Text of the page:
- The Washington Times - Tuesday, January 8, 2019

New York Mayor Bill de Blasio said Tuesday that the city will provide illegal immigrants with a way to obtain affordable health care as part of a broader program to cover city residents traditionally shut out of insurance options.

The liberal mayor said it is unacceptable that 600,000 city residents still lack options. They include immigrants who cannot access federal benefits but rack up costs anyway when they show up at emergency rooms.

Across the country, meanwhile, California Gov. Gavin Newsom announced a more targeted push this week to extend health care benefits to young adult illegal immigrants, placing them on par with U.S. citizens who can stay on their parents’ plans under Obamacare.

Taken together, the proposals reopen the thorny debate over providing taxpayer-funded benefits to people living in the U.S. illegally, an idea that flies in the face of Mr. Trump’s fight against illegal immigration and places that offer them sanctuary.

Mr. de Blasio said distinguishing between illegal immigrants and citizens doesn’t make sense for health care.

“We’re going to have a lot of people going to work sick and making everyone else sick,” the mayor said on MSNBC’s “Morning Joe” program. “We want a healthy society in every sense, and here is a way to invest upfront to get it right.”

SEE ALSO: Bill de Blasio unveils plan for universal health care

Costs to taxpayers

Democrats broached the debate over government-sponsored care for illegal immigrants during the fight over Obamacare. Wary of losing critical support among moderate Democrats, the party decided to leave illegal immigrants ineligible for benefits.

Steven A. Camarota, director of research at the Center for Immigration Studies, said extending benefits could entice more people to stay in the U.S. illegally.

“The thing about it is it does point to kind of a fundamental problem where people say things like, ‘These folks can stay here but can’t end up on the public dole,’ ” he said. “You can’t have a situation where you have these folks [who] are allowed to stay year after year and not have politicians — maybe cravenly or maybe out of principle — begin to offer them more and more benefits.”

Others worry that an expansion would erode the quality of care for citizens.

Mr. de Blasio said it will cost the city about $100 million per year to fund health care services for illegal immigrants and legal residents.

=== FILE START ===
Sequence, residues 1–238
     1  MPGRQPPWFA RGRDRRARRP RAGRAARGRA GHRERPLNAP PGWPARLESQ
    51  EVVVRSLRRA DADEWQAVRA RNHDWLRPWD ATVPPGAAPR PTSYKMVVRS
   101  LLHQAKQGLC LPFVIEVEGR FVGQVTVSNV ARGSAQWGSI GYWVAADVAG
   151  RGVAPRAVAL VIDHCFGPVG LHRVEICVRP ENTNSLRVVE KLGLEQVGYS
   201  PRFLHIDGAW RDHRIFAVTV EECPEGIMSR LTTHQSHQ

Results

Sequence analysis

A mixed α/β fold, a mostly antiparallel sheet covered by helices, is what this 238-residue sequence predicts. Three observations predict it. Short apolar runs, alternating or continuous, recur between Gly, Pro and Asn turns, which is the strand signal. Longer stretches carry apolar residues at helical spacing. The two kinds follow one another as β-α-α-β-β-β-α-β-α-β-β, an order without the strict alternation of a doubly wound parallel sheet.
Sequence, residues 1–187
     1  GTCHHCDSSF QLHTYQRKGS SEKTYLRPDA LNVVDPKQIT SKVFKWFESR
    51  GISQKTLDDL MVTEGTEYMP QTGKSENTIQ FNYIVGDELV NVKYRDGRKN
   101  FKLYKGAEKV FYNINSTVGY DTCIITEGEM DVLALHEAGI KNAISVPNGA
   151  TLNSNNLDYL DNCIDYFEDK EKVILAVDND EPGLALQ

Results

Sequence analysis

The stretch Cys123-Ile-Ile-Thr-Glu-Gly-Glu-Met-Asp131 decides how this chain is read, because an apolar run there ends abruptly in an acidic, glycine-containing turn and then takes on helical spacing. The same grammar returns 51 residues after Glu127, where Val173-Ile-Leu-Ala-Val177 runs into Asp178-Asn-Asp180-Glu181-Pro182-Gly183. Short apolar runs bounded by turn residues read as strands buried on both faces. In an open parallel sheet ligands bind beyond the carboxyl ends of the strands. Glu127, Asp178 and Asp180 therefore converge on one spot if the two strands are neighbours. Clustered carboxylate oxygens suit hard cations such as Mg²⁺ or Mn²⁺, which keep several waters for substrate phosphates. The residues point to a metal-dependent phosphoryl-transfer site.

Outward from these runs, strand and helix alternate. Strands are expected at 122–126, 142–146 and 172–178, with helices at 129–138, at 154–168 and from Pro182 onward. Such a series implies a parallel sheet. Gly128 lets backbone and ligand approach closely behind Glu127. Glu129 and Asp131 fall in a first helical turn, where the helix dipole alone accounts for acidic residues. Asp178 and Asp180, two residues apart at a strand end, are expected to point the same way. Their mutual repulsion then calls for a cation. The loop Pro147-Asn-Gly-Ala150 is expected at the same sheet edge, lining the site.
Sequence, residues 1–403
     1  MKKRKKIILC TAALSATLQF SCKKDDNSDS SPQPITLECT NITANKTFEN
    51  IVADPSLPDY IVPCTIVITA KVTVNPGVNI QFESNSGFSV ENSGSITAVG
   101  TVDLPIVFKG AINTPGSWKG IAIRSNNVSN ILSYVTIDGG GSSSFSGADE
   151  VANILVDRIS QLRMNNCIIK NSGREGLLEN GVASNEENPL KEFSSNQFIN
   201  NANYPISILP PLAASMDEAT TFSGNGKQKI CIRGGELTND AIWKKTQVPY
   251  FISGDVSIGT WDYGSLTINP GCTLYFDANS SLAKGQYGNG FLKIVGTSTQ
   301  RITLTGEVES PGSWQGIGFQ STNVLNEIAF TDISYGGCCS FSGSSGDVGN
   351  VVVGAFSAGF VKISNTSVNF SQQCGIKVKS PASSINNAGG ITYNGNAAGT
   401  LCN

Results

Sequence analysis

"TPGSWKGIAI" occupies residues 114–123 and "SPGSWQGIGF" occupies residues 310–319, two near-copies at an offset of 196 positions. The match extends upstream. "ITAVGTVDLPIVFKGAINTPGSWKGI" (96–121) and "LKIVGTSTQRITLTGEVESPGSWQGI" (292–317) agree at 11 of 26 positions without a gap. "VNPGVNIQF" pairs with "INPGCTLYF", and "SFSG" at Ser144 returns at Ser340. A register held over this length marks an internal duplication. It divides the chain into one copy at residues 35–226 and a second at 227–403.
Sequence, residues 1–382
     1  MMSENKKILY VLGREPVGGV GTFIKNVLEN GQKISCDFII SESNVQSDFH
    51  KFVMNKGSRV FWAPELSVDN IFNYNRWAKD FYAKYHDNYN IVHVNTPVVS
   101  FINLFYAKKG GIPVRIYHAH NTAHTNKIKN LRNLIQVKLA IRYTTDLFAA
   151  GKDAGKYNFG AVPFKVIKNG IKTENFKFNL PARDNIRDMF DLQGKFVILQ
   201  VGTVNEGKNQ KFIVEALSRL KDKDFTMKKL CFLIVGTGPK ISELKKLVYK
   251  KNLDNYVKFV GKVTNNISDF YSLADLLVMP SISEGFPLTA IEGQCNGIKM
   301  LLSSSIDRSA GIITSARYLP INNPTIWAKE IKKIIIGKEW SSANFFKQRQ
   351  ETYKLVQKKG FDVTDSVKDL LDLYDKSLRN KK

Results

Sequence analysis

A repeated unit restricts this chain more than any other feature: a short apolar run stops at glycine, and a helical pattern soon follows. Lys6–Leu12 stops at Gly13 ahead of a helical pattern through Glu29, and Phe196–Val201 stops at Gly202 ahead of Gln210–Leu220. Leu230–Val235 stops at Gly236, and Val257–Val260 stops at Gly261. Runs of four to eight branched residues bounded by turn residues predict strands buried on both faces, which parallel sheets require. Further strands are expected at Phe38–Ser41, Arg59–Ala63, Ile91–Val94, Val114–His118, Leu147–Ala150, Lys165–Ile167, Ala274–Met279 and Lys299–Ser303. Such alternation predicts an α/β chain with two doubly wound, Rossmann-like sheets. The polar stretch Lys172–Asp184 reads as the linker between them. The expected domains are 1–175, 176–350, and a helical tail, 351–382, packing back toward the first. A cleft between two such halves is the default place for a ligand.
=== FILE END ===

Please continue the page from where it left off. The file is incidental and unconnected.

The plan, dubbed NYC Care, would allow anyone to go to city health clinics, hospitals and 70 other locations and receive primary care, specialty care, prescription drugs and other services priced on sliding scale so patients can afford them.

The program will start this summer in the Bronx and is scheduled to reach all five boroughs by 2021.

Mr. Newsom’s plan is more modest in scope.

He wants to raise the age limit for illegal immigrants covered by Medi-Cal from 19 to 26, which would make California “the first state in the nation to cover young undocumented adults through a state Medicaid program,” the governor’s office said Monday, just hours after Mr. Newsom took office.

The state legislative analyst’s office calculated that it would cost about $140 million to extend full Medi-Cal services to illegal immigrants ages 19 to 26.

That is still not as sweeping as California Democrats’ previous attempts to extend state-funded health care to all illegal immigrant residents older than 19, which would cost an estimated $3 billion.

Campaign promises

“This is where the rhetoric of campaigning and making promises to many different base groups meets the reality of governing and trying to do so much or too quickly,” said David McCuan, a politics professor at Sonoma State University.

He called the Newsom plan “a building block” and said the new governor would likely be happy with that description.

Yet Mr. Newsom’s campaign promises were more expansive. He ran on a universal health care platform and will be working with a newly elected Democratic supermajority in the state Legislature.

Analysts say Mr. Newsom’s early push to cover young illegal immigrants would tap into a multibillion-dollar surplus left by Gov. Jerry Brown.

Skeptics said the cost of providing benefits for young illegal immigrants will soar over time. State estimates suggest it could reach more than $400 million by the 2020-2021 fiscal year.

“It’s going to be a pretty big number,” said Jon Coupal, president of the Howard Jarvis Taxpayers Association in Sacramento.

He noted that California already has the nation’s highest income tax — 13.3 percent — and the highest state sales tax at 7.25 percent, not including local add-ons.

“The question is, should California’s taxpayers bear the financial burden of bad immigration policies by progressives in the state of California and now at the national level?” Mr. Coupal said.

“In the same inaugural address, [Mr. Newsom] talked about being fiscally conservative, so you’re getting mixed messages from the governor,” he said. “There’s simply no way he can expand all these programs and pay for it without significantly raising taxes.”

• Tom Howell Jr. can be reached at thowell@washingtontimes.com.

• Valerie Richardson can be reached at vrichardson@washingtontimes.com.

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